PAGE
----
Analyse the key features of Virtue Ethics
Virtue ethics is a type of normative ethics and instead of looking at how you can work out the outcome of a situation, it looks at how you can become a better person. It is a teleological argument, meaning it focuses on the end result, which is becoming a more virtuous person.
To be virtuous you have to find a thing called the golden mean, which is the exact middle of two vices; the example Aristotle used was that because the Spartans trained for war and not peace they therefore weren’t prosperous. The goal of virtue ethics is to reach eudemonia, and this is to be ‘flourishing.’ This is the end thing that all humans should seek to reach, although few do. The way to try and reach this is by practice, and Aristotle believes that virtuous acts should become habit, and by practising these habits is how we will eventually reach eudemonia. Aristotle believed that there are two types of virtue, intellectual and moral. Intellectual virtues include things like studying, and Aristotle believed these to be of high importance, and essential in developing our virtuous character. Intellectual virtues are also needed to exercise and train our moral virtues, and these include fortitude and prudence.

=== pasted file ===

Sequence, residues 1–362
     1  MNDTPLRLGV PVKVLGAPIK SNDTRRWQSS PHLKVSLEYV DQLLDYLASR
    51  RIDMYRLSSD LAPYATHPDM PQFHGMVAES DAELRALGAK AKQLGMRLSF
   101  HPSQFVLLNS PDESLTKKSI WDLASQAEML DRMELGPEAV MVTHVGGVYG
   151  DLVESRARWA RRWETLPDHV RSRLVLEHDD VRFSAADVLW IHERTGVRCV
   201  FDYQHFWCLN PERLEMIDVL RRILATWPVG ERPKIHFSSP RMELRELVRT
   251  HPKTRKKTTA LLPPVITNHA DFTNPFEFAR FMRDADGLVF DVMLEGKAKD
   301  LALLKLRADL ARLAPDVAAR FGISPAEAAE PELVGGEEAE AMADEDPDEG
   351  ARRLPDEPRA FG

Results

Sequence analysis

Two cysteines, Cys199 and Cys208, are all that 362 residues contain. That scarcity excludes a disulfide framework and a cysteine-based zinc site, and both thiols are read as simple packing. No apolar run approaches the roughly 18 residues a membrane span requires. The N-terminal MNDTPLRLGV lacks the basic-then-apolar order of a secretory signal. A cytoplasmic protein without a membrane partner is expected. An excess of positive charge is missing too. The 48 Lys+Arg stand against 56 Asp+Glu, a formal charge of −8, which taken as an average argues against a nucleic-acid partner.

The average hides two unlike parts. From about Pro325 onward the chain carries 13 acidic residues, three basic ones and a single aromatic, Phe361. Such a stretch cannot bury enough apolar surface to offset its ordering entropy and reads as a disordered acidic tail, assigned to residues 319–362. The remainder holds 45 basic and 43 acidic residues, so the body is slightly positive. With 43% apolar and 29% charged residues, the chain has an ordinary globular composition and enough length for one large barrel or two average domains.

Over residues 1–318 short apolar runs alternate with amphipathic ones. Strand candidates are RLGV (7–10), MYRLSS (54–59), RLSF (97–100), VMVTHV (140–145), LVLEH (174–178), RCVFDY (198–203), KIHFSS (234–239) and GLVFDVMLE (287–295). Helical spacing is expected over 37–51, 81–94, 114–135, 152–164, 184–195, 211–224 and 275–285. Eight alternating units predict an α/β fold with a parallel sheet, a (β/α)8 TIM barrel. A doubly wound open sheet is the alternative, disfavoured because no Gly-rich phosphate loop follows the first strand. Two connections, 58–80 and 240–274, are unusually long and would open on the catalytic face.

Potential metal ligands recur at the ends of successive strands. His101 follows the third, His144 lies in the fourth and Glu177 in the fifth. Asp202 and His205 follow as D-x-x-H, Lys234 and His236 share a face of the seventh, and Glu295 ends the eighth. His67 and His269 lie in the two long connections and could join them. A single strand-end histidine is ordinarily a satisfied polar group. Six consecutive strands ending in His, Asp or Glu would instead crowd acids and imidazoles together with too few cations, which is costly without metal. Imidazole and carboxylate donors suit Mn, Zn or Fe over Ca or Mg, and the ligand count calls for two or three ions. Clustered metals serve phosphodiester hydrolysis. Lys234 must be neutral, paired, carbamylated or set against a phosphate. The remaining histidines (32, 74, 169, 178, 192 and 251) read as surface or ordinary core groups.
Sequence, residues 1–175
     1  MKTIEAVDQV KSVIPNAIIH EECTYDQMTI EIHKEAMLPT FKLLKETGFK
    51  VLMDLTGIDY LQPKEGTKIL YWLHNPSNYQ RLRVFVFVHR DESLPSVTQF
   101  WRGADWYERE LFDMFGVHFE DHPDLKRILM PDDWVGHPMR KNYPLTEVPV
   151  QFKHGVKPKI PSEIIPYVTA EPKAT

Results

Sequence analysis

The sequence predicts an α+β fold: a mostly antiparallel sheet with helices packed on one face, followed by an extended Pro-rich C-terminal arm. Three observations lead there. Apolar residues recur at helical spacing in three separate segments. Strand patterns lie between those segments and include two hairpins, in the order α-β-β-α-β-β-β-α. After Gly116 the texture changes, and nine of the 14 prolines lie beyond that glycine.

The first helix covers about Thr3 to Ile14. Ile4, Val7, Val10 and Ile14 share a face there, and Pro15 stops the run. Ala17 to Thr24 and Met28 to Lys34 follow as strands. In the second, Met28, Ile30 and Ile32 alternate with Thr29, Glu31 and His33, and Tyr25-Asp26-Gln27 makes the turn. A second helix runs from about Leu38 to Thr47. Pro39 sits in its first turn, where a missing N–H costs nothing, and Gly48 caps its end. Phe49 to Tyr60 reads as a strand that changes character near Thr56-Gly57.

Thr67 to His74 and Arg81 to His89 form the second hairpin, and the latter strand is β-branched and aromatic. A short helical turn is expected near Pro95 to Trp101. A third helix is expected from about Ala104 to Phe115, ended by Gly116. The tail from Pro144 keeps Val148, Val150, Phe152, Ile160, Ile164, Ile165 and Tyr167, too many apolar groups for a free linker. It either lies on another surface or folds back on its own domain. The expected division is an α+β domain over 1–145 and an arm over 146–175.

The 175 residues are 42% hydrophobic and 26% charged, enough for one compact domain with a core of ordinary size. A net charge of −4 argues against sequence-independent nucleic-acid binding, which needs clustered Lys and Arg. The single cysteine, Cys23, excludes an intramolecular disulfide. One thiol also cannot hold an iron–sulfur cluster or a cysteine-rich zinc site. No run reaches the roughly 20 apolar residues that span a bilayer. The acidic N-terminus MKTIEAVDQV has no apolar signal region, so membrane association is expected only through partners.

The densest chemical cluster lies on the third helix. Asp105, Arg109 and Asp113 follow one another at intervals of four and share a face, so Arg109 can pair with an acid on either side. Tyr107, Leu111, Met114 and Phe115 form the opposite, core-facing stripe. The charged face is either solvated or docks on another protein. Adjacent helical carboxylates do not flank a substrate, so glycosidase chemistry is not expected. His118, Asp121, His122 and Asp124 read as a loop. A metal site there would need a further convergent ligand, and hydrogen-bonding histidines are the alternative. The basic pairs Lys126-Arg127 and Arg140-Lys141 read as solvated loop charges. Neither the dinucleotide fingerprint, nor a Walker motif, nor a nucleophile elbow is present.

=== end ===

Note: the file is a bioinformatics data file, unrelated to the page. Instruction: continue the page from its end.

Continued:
Aquinas added some more Christian ideas to virtue ethics, and added teleological virtues, which are faith, hope and charity. He wrote in his book summa theological “what we do is what we are”. Moreover, much of the structure of Aristotle and a great deal of his insight are retained, to the point that a superficial reader might suspect that Aquinas merely put Aristotelian concepts into a Christian mould. Actually the change from one to the other was radical and a correct understanding of Christian morality must take this mutation into account.
Elizabeth Anscombe believed that modern philosophy has become misguided, and that we should not necessarily associate good with an action, but more with the person doing it, and she agreed with…